What an affront! City will install Lincoln statue the ‘wrong’ way

for The Brooklyn Paper
Share on TwitterTweet
Share on Facebook

Get our stories in your inbox, free.

Like The Brooklyn Paper on Facebook.

A 140-year-old Abraham Lincoln statue will soon face backwards at its new locale in Grand Army Plaza — an affront on history that one Emancipation-obsessed activist says will make the park’s co-designer, if not the 16th president himself, roll in his grave.

The Great Rail Splitter will finally return to his original spot in Grand Army Plaza after years of exile in the Concert Grove — but he will be facing south instead of north, as he was when the statue was originally installed in 1869.

“It’s highly symbolic,” said history buff neighbor Richard Kessler. “This is not how [park designers] envisioned it.”

Indeed, Lincoln-boosting Prospect Park architect Frederick Law Olmsted specifically requested that the statue face north — although the reason behind his request may not simply have been to demonstrate Lincoln’s Civil War affiliation.

Kessler’s amply footnoted theory suggests that the towering copper statue was positioned north to face the home of Manhattan’s wealthy Astor family, which hated Lincoln’s anti-slavery agenda. The goal was to show that Honest Abe wasn’t scared to confront his powerful enemies head-on.

Even today, at the site, there is still a clear line of vision from the spot at which the statue once loomed — at the very top of the plaza, facing Manhattan — to the former location of the Astor mansion, where the Empire State Building now stands.

“It’s incredible,” Kessler said, explaining the view is no coincidence.

The statue was the first Lincoln memorial erected in the Union. But in waning days of the 19th century, city leaders snatched it up and hauled it to the lower terrace of the Concert Grove, where Lincoln remains in exile.

Officially, the city claimed Lincoln had been dwarfed by the Soldiers and Sailors Memorial Arch in Grand Army Plaza — although Kessler believes there’s more to the story: The statue was cast into exile by 19th-century officials who didn’t like what Lincoln stood for: Defeating the Confederacy, freeing the slaves and restoring the Union.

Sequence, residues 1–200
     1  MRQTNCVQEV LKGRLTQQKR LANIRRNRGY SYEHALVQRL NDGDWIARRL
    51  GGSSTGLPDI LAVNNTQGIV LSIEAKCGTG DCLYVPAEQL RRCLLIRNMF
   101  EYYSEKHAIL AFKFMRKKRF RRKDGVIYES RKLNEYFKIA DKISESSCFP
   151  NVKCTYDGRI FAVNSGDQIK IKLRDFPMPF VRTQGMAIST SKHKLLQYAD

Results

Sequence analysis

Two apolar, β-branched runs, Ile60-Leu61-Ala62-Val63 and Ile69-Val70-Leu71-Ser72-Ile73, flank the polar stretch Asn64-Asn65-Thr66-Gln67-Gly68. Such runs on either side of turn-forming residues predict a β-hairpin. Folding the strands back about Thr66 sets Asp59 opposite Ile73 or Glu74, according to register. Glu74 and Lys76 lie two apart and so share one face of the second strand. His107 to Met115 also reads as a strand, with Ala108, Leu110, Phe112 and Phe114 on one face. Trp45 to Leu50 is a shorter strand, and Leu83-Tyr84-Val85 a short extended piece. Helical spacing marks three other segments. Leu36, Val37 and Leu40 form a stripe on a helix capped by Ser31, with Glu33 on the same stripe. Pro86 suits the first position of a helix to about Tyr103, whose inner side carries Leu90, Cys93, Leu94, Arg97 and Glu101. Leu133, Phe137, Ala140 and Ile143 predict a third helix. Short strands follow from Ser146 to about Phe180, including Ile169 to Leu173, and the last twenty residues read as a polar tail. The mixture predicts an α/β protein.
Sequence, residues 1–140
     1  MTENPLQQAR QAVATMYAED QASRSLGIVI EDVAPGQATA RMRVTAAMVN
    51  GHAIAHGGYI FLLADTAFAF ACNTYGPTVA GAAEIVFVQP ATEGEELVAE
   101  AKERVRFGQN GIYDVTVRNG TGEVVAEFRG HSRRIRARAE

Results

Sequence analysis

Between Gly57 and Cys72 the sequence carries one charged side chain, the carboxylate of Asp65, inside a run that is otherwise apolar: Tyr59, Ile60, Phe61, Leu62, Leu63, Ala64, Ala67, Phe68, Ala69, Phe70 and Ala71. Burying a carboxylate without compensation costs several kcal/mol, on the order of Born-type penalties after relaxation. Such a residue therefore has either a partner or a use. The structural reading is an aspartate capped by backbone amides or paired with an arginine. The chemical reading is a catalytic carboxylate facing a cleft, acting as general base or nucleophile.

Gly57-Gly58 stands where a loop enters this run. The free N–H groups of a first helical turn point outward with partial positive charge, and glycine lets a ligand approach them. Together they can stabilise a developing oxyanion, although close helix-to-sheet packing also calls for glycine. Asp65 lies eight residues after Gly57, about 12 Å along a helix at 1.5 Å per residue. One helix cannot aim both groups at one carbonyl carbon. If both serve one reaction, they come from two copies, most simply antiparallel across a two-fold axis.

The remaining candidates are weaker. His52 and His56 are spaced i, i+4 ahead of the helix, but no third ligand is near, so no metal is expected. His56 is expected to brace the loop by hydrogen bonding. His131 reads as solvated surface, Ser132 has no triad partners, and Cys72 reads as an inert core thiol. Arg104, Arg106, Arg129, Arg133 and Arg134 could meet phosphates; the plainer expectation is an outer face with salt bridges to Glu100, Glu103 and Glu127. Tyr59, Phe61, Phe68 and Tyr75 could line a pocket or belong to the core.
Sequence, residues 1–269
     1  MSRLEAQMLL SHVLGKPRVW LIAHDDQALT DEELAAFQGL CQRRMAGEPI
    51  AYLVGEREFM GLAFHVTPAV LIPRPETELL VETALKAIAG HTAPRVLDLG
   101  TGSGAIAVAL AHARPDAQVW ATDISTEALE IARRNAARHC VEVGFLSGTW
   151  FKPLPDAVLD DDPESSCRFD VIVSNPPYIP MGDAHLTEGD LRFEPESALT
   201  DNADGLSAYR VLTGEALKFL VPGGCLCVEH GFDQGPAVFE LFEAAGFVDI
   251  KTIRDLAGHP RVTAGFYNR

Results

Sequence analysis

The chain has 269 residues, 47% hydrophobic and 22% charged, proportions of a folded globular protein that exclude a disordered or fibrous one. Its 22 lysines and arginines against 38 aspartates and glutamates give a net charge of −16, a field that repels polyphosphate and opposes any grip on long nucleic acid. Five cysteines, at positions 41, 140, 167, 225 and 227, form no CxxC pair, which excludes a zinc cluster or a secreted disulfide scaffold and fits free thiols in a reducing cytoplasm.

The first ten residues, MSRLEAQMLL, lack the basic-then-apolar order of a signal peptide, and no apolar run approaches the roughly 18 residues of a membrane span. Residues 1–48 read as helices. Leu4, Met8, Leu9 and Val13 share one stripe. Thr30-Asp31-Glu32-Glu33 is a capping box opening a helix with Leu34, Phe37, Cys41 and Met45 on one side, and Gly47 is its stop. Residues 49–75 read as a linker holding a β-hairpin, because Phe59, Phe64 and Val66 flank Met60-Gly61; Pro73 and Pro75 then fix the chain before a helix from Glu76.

The timeline adds up: Rutherford B. Hayes became president in 1877, largely on his promise to remove Union troops from the South, ending Reconstruction and prompting reform nationwide.

A few years later, Brooklyn Park’s commissioners, whose terms and loyalties dated back to Lincoln’s days, were replaced — and by 1896, Honest Abe’s statue was moved.

That’s part of the reason that the city secured $340,000 last year to move the dead president back into the spotlight at Grand Army Plaza, noting it’s “more historically accurate.” The only glitch in the plan: This time, Lincoln would be placed on the north end of the plaza, facing the hated south.

Kessler has fought the deployment, but even he admits, “I know no one else who is concerned.”

Indeed, Robert Minsky of Grand Army Plaza Coalition, scoffed at the notion that the Lincoln’s position matters, saying his presence alone will make the plaza more charming. “I don’t think anybody cares what way he faces,” he said. “The Civil war is over.”

The city echoed that idea, saying it could not install the statue facing north, at least without moving the bronze bust of John F. Kennedy, which now occupies Lincoln’s old home at the top of the plaza.

“The new location places the Lincoln statue in an area that is prominent and appropriate in scale,” said Paul Nelson, spokesman for Prospect Park Alliance. “The statue will face south so that it will be in full sun.”